Honestly, I admired how he put his three daughters through college and maintained his marriage. They always took vacations, and went camping as a family. He seemed like my dad. If he wasn’t at work, he was home. If he wasn’t at home, he was at work.
Over the years, I’ve recognized a sadder element to a few of these overtime machines. They don’t want to be at home, and their family doesn’t seem to mind them being gone. The house is quiet, with the dad usually at work, and the fat checks keep rolling in. Not my cup of tea, but who am I to judge?
One coworker shared a story from his old employer in Davenport, Iowa. The warehouse he worked in was notorious for its overtime. He knew he didn’t want that life when another employee, who was gravely ill, wasn’t responding when his family members spoke to him. But when they asked some of his coworkers to talk to him, he was acknowledging their voices. My friend said that did it for him. He began looking for another job.
For the past five years or so, I’ve usually made around $50 an hour when I work time-and-a-half. The math is simple. Work 100 hours of overtime and you got an extra $5,000. Those workhorses doing 700 or more hours of overtime per year? That’s big money. These folks, who love their overtime, can recite their employer’s compensation policy as if it’s burned into their brains.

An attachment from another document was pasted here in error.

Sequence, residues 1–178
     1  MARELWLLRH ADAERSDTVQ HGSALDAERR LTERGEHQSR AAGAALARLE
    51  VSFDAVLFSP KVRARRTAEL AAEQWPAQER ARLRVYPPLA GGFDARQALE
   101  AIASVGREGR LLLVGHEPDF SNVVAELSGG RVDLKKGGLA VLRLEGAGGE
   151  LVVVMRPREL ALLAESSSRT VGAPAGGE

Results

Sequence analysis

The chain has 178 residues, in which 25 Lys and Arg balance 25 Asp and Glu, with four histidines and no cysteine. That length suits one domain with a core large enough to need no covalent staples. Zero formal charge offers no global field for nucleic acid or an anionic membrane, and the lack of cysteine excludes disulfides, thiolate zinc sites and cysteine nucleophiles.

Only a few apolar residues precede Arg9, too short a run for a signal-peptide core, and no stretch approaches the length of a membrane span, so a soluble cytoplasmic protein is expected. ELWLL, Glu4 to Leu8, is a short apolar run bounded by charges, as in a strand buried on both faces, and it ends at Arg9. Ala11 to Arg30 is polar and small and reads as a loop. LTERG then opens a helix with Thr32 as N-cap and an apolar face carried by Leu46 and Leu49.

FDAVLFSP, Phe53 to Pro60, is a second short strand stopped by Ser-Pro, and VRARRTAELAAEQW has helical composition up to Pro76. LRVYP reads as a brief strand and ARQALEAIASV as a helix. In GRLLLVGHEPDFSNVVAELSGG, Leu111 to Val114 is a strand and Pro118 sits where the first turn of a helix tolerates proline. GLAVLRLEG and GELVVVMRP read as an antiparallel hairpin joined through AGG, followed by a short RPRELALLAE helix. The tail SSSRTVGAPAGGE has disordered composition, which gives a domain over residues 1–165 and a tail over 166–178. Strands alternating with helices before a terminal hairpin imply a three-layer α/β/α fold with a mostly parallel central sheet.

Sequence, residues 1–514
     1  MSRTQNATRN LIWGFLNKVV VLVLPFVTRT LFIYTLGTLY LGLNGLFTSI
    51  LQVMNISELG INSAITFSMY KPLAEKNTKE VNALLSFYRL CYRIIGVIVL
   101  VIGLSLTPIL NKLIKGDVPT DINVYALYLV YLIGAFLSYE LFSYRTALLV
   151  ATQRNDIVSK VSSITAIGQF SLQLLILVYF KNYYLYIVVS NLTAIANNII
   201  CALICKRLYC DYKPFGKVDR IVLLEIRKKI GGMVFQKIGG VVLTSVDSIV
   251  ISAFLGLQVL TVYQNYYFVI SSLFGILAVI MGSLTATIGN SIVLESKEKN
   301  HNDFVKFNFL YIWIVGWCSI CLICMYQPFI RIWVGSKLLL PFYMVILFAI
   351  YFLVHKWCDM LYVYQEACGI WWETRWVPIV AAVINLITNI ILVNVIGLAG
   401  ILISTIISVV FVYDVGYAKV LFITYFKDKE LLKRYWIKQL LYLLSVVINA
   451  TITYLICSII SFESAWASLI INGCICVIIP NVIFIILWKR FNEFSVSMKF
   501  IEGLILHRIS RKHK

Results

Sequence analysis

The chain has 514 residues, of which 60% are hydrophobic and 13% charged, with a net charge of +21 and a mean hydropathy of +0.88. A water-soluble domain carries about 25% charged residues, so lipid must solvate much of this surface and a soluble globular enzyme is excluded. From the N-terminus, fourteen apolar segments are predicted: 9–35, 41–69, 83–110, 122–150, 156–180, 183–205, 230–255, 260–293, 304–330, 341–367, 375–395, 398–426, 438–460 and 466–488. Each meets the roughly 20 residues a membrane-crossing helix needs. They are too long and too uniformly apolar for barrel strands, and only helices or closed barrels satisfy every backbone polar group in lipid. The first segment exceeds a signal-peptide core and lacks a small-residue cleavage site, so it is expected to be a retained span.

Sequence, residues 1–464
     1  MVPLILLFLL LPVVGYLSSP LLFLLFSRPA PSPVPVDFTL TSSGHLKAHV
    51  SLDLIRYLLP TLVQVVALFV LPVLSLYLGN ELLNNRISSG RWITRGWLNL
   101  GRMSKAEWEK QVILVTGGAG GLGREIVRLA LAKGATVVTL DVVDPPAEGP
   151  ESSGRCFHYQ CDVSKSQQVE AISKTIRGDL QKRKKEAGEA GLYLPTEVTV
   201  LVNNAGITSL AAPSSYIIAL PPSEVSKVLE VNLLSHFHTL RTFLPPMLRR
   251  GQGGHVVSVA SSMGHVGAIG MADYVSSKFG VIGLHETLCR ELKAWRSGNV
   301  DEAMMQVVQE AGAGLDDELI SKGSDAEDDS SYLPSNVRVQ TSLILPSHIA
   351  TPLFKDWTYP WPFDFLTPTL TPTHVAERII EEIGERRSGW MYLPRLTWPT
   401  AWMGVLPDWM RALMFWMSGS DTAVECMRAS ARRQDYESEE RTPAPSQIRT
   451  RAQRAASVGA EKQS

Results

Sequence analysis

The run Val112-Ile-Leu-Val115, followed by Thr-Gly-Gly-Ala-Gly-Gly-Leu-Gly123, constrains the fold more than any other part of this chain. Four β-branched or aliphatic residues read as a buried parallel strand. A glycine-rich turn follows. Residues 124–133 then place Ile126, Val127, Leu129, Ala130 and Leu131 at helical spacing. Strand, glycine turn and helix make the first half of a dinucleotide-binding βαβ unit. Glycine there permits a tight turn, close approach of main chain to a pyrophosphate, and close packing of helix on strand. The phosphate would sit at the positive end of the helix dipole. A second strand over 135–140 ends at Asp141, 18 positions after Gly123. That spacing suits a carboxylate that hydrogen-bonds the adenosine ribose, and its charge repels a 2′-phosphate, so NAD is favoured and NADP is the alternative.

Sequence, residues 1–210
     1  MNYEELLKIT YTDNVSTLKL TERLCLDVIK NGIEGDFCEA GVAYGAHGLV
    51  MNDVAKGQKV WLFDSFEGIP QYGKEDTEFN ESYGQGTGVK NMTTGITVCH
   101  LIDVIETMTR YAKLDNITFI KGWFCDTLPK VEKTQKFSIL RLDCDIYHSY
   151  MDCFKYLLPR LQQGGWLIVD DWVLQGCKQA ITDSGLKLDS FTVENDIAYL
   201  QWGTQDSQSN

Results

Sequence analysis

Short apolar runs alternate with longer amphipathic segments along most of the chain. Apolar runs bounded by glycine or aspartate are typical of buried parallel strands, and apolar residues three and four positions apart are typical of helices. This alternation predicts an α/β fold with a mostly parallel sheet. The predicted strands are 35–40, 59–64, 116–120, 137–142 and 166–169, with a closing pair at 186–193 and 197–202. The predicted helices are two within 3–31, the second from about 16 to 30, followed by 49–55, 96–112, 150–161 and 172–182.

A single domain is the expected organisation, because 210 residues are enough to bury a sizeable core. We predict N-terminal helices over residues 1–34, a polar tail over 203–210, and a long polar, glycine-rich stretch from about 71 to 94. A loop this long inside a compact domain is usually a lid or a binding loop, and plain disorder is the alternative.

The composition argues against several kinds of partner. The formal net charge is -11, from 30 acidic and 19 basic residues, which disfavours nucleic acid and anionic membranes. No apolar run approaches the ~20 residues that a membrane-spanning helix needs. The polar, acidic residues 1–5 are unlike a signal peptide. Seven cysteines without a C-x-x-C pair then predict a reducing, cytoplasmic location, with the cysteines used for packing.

One year, on July 4th, we were forced to work the holiday. Some coworkers, who were older and had families, wanted the day off. They were already going to get eight hours of straight time—which was their holiday pay—and they wanted to watch the parade and fireworks.
I was on graveyards that week, so I started late, around midnight. I worked my night shift, and got time-and-a-half for those hours, plus my eight hours of holiday pay. I went home, got some sleep, and came back to cover someone’s 3 p.m. to 11 p.m. shift. I was pleasantly surprised when I got my check to see I received double time for those eight hours on the second shift.
A few other local area employers pay just as well or even better. One of my friends from the gym, who works at the local power plant, has made some serious money maximizing his OT. He works hard and plays hard. He has a great relationship with his grown children and has been married for decades. He just isn’t the type to sit at home and watch Netflix all day. He grew up always having to work if he wanted name-brand jeans or a car. I was at a local barbecue and someone said that, in terms of pay, he was only below the general manager and the most upper management at his plant.
I’ll be sticking with my overtime policy of only working when my team needs me to. If coworkers want the overtime hours and the cash that comes with it, they can have it. But it’s good to know that, if I do have to work some extra hours, I’ll get paid well for my time. Seems like a fair deal to me.
Juan Fourneau’s goal is to retire at age 55. When he isn’t at his manufacturing job, he enjoys reading and writing about personal finance, investing and his other interests. Juan, who is married with two children, retired from the ring after wrestling on the independent circuit for more than 25 years. He wrestled as a Mexican Luchador under the name Latin Thunder. Follow Juan on Twitter @LatinThunder1, visit his website and check out his previous articles.